The pitching was pretty good for the most part. Brandon Lyon really struggled for one reason or another, potentially due to switching leagues, and got thrown under the bus by fans, but he turned in one of the better seasons. Jarrod Washburn, going from one of the best pitchers parks in the league to the Tigers, was a failed experiment, and although it was a low-risk gamble giving up French, that's why he came so cheap; this just didn't pay off. Zach Miner , in his few starts, was abysmal. Most of the guys who piled up starts not named Verlander, Jackson or Porcello were just porous in general, which made a big difference.
Fielding is always hard to measure, but the team looked like it was above average in defense. In terms of errors, Detroit was in the upper-half of the American League. Where they really excelled was on the mound, and behind the plate. The Tigers ranked right at the top in pick-offs, and were second best in SB allowed and runners caught stealing. Credit Gerald Laird there.
You have to blame management, though, in giving Jim Leyland this lineup to work with. You can't turn a handful of offensive pumpkins into sparkling carriages. It's too easy when pitchers have Brandon Inge, Gerald Laird and Adam Everett as a 1-2-3 at the end of the lineup, and a .250 average from your lead-off hitter.
So now here we are, no playoffs to show for it. Where does this leave 2010?
Just this month, the Tigers already made one of their biggest gambles for next year by bringing back Magglio Ordonez. The option costs them $15 million more than a buyout would. So instead of necessarily a $18 million contract, you have to say, is Ordonez worth $15 million next year? The White Sox essentially got OF Alex Rios as a present from Toronto. His stance looked like a reason for his decline at the plate, and his defense was sub-par, but in general Rios provides a good mix of power and speed, and in the past has been an excellent defender. He's overpriced, but actually a much better value than someone like Ordonez over the next five years.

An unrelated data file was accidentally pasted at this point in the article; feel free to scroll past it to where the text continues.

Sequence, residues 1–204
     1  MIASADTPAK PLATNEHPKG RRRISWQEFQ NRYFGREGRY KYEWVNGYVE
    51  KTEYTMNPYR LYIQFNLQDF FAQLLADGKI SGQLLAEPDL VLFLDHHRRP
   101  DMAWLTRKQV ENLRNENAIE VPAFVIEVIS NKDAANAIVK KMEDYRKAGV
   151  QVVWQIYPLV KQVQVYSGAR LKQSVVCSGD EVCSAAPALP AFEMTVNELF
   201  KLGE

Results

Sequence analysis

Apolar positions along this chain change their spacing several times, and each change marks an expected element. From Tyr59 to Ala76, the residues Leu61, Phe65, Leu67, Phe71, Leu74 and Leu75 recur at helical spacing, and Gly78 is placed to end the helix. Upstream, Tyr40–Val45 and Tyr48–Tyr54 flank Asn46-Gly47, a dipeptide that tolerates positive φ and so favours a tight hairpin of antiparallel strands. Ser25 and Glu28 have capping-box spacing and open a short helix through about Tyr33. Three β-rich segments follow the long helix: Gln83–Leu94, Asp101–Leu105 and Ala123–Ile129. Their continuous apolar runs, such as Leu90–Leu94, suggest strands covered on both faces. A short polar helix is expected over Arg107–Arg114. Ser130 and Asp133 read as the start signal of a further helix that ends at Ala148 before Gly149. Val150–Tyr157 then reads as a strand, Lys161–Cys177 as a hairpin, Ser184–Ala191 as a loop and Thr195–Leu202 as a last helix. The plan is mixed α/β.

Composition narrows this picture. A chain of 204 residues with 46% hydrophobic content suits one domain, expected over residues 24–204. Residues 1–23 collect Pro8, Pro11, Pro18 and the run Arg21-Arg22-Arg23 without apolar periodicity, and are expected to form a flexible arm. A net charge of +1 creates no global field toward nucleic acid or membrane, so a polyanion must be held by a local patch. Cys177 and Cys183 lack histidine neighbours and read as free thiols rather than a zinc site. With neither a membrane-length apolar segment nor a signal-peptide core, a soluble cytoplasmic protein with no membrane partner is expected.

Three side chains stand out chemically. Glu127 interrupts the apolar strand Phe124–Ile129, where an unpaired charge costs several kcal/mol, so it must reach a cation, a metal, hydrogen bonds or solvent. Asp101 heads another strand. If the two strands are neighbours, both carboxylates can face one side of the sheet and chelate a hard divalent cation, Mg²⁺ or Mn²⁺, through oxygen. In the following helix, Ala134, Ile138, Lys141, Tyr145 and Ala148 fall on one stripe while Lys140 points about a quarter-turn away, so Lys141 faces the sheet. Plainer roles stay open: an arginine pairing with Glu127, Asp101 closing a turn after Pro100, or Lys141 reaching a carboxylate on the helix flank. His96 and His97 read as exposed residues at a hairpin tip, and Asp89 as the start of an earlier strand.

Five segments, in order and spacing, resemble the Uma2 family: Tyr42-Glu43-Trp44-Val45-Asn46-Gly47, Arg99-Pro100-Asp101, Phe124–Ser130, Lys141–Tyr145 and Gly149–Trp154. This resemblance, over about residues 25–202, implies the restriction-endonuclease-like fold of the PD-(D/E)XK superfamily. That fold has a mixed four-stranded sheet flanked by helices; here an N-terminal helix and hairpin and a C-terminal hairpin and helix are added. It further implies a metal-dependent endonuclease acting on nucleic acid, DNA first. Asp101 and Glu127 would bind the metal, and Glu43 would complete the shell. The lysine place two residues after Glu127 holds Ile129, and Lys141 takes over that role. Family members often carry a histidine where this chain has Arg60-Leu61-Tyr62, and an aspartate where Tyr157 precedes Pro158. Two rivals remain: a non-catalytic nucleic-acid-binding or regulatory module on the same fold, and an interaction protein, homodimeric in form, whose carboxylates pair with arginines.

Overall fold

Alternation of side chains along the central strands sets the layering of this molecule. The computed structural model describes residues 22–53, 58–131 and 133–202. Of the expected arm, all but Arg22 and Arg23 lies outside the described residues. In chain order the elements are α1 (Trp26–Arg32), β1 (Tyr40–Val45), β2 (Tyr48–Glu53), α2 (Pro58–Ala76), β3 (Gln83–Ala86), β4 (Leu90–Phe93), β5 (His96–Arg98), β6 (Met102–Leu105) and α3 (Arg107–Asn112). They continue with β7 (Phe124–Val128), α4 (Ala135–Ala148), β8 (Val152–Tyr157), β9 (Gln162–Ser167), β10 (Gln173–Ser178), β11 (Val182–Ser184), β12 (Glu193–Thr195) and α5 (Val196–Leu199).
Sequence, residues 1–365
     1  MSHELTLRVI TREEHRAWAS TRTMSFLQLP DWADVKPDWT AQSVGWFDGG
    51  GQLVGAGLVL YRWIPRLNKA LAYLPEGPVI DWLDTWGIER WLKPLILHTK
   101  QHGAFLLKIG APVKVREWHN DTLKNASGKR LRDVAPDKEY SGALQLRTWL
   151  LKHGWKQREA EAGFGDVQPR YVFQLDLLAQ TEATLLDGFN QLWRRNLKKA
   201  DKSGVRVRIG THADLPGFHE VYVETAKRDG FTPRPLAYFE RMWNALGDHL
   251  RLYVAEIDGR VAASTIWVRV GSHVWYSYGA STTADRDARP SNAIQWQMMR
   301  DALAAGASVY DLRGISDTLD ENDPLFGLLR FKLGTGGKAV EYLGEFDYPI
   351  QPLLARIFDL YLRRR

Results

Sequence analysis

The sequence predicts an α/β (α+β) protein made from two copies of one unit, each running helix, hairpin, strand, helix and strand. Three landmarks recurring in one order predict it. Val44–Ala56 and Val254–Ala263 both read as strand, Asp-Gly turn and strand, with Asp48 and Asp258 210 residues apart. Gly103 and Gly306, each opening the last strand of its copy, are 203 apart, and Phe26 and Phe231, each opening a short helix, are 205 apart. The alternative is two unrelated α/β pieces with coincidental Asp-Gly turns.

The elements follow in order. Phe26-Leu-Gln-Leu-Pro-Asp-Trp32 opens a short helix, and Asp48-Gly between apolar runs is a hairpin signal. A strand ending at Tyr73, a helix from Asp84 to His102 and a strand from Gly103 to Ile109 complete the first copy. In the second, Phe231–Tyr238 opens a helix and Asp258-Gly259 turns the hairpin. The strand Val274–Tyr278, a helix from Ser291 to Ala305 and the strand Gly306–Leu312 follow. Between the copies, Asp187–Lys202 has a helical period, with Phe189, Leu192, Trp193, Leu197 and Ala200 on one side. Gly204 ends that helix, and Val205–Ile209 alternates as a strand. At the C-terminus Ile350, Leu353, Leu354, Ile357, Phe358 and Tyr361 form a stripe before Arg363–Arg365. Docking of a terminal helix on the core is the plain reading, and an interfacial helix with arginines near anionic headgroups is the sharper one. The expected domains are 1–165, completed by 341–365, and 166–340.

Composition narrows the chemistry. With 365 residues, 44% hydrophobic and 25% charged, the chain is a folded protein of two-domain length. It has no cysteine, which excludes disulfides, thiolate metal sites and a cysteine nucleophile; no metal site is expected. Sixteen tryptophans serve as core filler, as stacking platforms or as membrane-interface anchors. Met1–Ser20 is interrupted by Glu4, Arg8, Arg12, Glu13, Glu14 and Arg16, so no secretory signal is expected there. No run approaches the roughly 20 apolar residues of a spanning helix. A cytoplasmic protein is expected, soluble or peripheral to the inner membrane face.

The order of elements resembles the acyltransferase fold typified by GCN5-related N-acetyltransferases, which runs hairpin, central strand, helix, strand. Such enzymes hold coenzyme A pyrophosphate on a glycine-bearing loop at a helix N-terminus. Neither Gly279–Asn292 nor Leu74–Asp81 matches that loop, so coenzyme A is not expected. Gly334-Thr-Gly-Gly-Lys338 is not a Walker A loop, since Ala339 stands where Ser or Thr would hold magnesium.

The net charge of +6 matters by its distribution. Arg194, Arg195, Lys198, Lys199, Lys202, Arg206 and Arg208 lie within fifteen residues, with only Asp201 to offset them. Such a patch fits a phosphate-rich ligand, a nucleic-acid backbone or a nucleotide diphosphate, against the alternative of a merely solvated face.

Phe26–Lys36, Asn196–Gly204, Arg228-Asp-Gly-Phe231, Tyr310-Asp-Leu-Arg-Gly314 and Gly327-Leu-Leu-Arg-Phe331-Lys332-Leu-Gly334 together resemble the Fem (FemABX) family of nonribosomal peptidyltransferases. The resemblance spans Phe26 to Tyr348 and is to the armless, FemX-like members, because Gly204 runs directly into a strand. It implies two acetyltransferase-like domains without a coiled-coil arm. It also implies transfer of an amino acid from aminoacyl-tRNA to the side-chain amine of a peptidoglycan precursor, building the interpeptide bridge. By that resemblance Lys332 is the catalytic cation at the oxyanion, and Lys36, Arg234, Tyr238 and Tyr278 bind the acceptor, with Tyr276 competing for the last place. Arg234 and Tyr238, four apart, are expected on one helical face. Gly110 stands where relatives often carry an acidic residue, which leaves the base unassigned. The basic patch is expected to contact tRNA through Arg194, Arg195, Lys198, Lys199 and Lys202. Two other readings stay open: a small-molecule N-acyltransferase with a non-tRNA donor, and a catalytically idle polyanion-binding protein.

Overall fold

The lineup looks like it's going to be fairly similar again next year. The Tigers are going to promote prospects into the middle infield, and that's going to go a long way in determining how the bottom half of the lineup looks. SS Cale Iorg has the name, but as of now, he's not looking like the top prospect that he's made out to be, so shortstop might not be a position that gets upgraded. Unless an unexpected prospect progresses in Spring Training, the lack of overwhelming power probably won't compensate for a lack of disruption on the base paths. It's probably going to be an average, or slightly above-average offense next year.
The pitching situation should be a little improved. Hopefully a year without any disruption from the World Baseball Classic will solve whatever problems Armando Galarraga has in getting ready for the regular season. Re-tooling Jeremy Bonderman 's repertoire is still a work in progress, and there's still some hope that a full-season healthy from Bonderman will be better than any other back-of-the-rotation starter.
My personal hope is that the Tigers don't throw Fernando Rodney a fiscally-astronomical long-term deal. A modest two-year deal would probably be good to prove that Rodney can sustain good production. Bringing back Brandon Lyon as insurance in the setup role isn't a bad idea, either. Ryan Perry may progress with another year under his belt, and there's no reason not to hope he can't be a good solution for long-term closer.
After a rough ending, it's tough to swallow, but for Tigers fans 2010 may not be significantly better than this year. Some trades worked out great and some haven't, but the fact is that organizational help in the minors isn't exactly at an all-time high. Another reason not to poor moor money into the bullpen is that the organization is drafting fairly well in terms of relief arms, which is the strength of the farm system.
Like this year, I'm still predicting that the White Sox are the favorites for 2010, particularly with the addition of Jake Peavy . Where the Indians fit is yet to be seen, but the Royals are going to continue to improve, and the Twins lose nothing and will likely improve next year. More breakouts are probably necessary for the team to make the playoffs. It's going to depend on how much money is spent this off-season, too.
How much money is spent off this off-season and the next going into 2011 will depend on the Tigers playoff outlook over the next few years.The Tigers are fortunate to have a good nucleus at the front of their rotation, and should have ample arms in the bullpen. With a number of dead-weight salaries coming off of the books this year, and then again in 2010, the Tigers can spend wisely and add some major pieces if they maintain this payroll to push to be a 100-win team in the Central. If they don't spend for the upcoming season, I'm tempering my enthusiasm to a second-place finish, and perhaps taking the division in 2011.